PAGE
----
Lower Cortisol Levels – Reduce Stress and Decrease Cortisol


In my previous article called High Cortisol Levels, I explained adrenaline and cortisol along with providing some of the reasons they may result in an imbalance. I ended with a few suggestions that may reduce, or normalize your cortisol levels. This article will cover more ideas and suggestions that may help correct an imbalance. I have listed various do’s and don’ts that may help you achieve healthy cortisol wave patterns and levels throughout your day, as well as an overall healthier life.

There are positives and negatives with elevated cortisol. What distinguishes whether it is a positive increase or decrease is based on the time of day, the duration that it remains elevated and if the fluctuations are within normal range or causing your system harm. I will scratch the surface and explain cortisol briefly. In the article, High Cortisol Levels, I explained this in greater depth. If you would like to understand the complex nature of cortisol please refer to this article for a more detailed description.

Cortisol is a stress hormone. During times of stress, irregular sleep, and even chronic pain cortisol is released into your system. If a person suffers from chronic stress, or insomnia their cortisol levels may remain elevated for longer than it should. The increase in duration and amount may create an imbalance in your cortisol levels. This may slow down or even stop any attempt regarding weight loss. The imbalance of cortisol and drastic fluctuations may also cause weight gain.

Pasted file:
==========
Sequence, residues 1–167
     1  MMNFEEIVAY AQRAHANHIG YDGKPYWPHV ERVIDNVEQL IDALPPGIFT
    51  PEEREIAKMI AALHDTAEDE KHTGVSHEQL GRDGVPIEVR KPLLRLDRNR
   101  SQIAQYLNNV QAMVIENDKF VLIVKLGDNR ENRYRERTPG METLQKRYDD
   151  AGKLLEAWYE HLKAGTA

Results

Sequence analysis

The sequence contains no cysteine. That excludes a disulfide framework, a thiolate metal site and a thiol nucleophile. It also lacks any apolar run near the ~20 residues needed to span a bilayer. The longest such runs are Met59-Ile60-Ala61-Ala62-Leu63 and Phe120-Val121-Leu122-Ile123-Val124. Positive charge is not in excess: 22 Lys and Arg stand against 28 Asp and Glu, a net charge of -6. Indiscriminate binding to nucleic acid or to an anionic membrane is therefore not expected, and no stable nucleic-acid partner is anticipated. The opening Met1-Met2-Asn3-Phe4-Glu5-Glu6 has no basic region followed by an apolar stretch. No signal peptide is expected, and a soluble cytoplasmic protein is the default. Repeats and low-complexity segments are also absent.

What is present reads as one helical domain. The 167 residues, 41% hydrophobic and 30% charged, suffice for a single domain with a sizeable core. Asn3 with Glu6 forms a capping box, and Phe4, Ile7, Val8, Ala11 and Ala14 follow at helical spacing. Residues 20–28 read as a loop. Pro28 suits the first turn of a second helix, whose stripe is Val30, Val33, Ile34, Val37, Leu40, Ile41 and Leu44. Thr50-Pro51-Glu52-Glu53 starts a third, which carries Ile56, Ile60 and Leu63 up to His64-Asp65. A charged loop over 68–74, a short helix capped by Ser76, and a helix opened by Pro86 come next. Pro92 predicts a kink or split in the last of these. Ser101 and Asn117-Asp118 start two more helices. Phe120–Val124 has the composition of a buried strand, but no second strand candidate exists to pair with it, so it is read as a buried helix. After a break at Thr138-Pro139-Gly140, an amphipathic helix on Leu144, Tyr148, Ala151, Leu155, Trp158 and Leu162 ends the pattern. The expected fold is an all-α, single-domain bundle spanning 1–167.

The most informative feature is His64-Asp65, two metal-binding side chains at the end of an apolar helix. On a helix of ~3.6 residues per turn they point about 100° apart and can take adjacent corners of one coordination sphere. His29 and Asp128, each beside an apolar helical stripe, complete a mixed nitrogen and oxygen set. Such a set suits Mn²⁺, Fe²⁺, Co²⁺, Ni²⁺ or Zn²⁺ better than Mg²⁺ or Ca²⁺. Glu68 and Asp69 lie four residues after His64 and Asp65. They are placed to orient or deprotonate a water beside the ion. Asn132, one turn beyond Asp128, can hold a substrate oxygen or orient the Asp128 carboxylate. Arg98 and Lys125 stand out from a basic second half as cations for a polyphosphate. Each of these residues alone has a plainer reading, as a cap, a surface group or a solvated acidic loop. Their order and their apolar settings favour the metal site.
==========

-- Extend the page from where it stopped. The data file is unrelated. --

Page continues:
Cortisol levels are usually highest from 6-8 am, and reach the lowest point at midnight. However, people who have chronic stress may have lower levels in the morning and higher levels in the evening. This may cause additional frustration with insomnia. Cortisol is a stimulating hormone. When your cortisol is elevated there is an increase in fat and carbohydrate metabolism for fast energy. If you have elevated levels in the evening you may toss and turn in bed and you may feel tired but the elevated cortisol and the increased stimuli will keep you from getting a good night’s sleep.